Templeton Guide|Wednesday, August 21, 2019
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    Tin City is home to one square block of industrial makers 

    Built alongside the historic San Juan Bautista de Anza trail, this hot spot of breweries, wineries, and cider shops is the perfect place to chill out and explore the ever-evolving market

    What started out as a place for local makers to merge and create has turned into one of the most successful, functional and unique places to experience in Templeton. Visitors to this hip wine country destination can relax, enjoy the lively atmosphere with a pint (or flight) in hand while mingling with people in the industry any day of the week.

    Crowning this booming industrial park — which is home to about 30 businesses — are Barrelhouse Brewing Co. and Tin City Cider, surrounded by a wine trail in its own right, along with food, treat and spirit makers. “It’s hard to open a winery and tasting room on the established wine routes, with all of the restrictions and limitations. Starting out in Tin City, we never thought it would grow to how big it is now,” said Andrew Jones of Field Recordings.

    Coming into Tin City, visitors can check out the old San Juan Bautista de Anza Trail, marked with a cross on an old white oak tree. To find it, just turn off Ramada Drive and onto Marquita Way. The majestic, tall white oak sits where the road could have gone, if not for the tree’s historical significance. Take a closer look and see an equal-armed cross carved into its bark sometime around 1775.

    That cross symbol, which has been adopted as Barrelhouse Brewing Co.’s logo, honors the place where de Anza’s campsite stood in the late 1700s. Thirty migrant families ventured from Arizona and used the Tin City area as a stopping point on their way to establishing the first non-native settlement in San Francisco.

    Along with a rich history, the food and offerings of this area are delicious and plentiful. In and around Tin City, you can find plenty of tasting rooms serving up creative blends. You’ll also come across delicacies like Negranti Creamery, which produces fresh, flavorful sheep’s milk ice cream. And for something more substantial, hungry visitors can stop in at Tin Canteen for wood-fired pizzas, pastas or their specialty roasted baby octopus. The signature dish is boiled, broiled and served with root vegetables. Tin Canteen serves as a great everyday bistro for travelers and locals, as well as a lunch hub and hangout for the many workers of the industrial buildings surrounding Tin City.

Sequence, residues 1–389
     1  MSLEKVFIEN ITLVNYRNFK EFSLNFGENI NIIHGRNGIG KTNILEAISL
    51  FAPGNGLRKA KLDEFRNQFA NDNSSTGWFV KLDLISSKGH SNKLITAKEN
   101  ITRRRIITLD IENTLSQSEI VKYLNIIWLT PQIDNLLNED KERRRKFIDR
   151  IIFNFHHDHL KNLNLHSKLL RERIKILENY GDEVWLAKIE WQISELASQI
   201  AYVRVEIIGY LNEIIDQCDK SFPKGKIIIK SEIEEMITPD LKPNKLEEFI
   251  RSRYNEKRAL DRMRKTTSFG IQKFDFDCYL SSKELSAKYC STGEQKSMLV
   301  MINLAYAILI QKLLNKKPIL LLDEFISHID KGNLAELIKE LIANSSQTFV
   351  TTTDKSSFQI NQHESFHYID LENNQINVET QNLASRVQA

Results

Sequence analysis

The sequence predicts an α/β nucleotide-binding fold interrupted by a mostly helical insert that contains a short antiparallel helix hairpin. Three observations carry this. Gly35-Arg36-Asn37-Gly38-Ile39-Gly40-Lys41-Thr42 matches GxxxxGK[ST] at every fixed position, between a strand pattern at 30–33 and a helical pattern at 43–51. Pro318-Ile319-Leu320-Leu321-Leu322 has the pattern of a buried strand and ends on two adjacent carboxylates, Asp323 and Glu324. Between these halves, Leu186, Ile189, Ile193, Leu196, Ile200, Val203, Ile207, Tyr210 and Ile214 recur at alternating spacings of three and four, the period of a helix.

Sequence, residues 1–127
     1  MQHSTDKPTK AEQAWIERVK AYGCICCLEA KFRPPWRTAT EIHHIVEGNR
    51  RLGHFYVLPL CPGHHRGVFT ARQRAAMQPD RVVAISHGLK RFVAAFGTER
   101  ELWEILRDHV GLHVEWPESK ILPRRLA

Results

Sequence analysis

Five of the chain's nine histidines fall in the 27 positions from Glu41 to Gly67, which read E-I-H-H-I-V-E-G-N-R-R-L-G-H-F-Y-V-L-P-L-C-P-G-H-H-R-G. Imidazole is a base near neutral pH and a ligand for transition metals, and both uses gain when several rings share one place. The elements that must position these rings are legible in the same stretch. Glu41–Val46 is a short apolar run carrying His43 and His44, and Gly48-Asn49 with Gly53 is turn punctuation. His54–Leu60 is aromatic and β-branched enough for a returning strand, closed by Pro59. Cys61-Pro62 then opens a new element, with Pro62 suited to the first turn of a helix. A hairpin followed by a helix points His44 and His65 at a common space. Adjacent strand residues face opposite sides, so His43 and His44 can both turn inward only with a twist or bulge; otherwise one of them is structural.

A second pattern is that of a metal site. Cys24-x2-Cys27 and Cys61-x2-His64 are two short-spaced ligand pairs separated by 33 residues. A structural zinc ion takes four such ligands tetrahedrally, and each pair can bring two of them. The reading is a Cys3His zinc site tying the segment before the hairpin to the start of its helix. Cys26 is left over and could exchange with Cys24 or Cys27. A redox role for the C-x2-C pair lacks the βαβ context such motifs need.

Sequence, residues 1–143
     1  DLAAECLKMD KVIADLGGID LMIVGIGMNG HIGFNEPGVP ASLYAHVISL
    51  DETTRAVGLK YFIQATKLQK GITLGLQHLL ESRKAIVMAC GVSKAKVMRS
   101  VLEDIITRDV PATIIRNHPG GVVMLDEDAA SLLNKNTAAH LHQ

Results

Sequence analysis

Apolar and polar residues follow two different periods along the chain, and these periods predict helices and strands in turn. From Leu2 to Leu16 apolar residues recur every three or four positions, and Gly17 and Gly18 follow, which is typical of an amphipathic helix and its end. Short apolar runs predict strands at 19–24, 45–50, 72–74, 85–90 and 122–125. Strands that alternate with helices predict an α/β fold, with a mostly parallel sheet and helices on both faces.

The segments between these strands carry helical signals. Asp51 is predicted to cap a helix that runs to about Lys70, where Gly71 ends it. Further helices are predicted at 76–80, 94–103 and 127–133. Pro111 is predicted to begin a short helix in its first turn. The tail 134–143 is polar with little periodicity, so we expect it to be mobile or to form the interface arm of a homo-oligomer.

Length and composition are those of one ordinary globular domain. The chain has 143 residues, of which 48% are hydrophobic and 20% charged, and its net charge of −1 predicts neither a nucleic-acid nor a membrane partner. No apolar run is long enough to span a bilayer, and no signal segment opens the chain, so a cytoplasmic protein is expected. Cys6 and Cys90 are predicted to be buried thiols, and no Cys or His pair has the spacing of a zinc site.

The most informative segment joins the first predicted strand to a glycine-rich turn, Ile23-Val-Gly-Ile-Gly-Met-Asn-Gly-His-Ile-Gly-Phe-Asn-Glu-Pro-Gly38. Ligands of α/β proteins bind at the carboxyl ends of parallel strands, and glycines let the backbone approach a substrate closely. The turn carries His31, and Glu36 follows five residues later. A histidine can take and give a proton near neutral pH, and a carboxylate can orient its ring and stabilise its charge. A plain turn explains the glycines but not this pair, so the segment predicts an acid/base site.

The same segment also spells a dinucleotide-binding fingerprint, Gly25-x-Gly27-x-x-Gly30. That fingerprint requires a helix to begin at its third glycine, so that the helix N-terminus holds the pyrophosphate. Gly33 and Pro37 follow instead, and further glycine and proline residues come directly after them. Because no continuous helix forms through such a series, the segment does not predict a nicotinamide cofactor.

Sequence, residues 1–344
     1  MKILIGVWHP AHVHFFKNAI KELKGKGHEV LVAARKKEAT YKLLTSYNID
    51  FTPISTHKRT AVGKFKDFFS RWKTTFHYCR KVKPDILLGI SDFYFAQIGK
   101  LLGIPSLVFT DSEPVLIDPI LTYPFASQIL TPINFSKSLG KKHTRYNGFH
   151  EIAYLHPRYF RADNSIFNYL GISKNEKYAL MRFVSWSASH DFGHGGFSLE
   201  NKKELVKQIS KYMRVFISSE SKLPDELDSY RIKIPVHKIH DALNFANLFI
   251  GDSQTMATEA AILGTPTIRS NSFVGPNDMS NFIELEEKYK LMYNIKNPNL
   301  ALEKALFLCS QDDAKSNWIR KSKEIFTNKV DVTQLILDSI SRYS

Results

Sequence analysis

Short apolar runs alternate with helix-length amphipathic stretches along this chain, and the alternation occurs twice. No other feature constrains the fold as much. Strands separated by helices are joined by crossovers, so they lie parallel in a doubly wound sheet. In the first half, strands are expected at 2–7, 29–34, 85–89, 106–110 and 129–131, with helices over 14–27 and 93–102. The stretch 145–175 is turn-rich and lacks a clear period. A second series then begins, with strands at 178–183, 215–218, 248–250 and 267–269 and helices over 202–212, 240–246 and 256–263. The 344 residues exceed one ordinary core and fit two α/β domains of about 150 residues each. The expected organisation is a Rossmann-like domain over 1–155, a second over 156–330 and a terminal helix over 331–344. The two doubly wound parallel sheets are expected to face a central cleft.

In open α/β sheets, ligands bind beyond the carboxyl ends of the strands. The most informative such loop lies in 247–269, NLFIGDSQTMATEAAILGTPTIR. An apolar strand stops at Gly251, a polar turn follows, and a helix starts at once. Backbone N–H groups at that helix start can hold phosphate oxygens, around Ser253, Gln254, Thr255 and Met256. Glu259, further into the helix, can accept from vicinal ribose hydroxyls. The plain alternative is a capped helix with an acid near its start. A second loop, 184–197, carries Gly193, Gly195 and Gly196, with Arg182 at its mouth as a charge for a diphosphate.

Six Test Kitchen, another up-and-coming restaurant in Tin City, was created by Chef Ricky Odbert from Arroyo Grande. Odbert started his career working in high-end establishments around the Bay Area, and wanted to bring his culinary world to the Central Coast. Odbert transformed his parent’s garage to a commercial kitchen before launching his successful new restaurant in December of 2018. Serving up 14 courses of cutting-edge cuisine paired with wine, this place provides a foodie experience like no other. The restaurant is attached to the barrel room of Field Recordings Winery.

    Tin City has given young winemakers a great opportunity to start their own venture. “The space is being maximized, and we have great traffic through the neighborhood,” Jones said. “Everyone in Tin City was already a part of the local wine and hospitality industry. Some of the wineries were started by people making wine on the side working daily for larger local wine operations.”

    Almost 300 years after that first campsite, Tin City is growing more than ever. The businesses at Tin City hope to form a nonprofit to help promote the area and create fundraisers to hold special events throughout the year. Eleven years into it, its natural expansion solidifies Tin City’s future as a Paso wine country destination.

    Tin City is located on Limestone Way off the 101 between Templeton and Paso Robles. For more information about the 30 businesses, hours and phone numbers, visit www.tincitypaso.com.

    – Cassandra Frey

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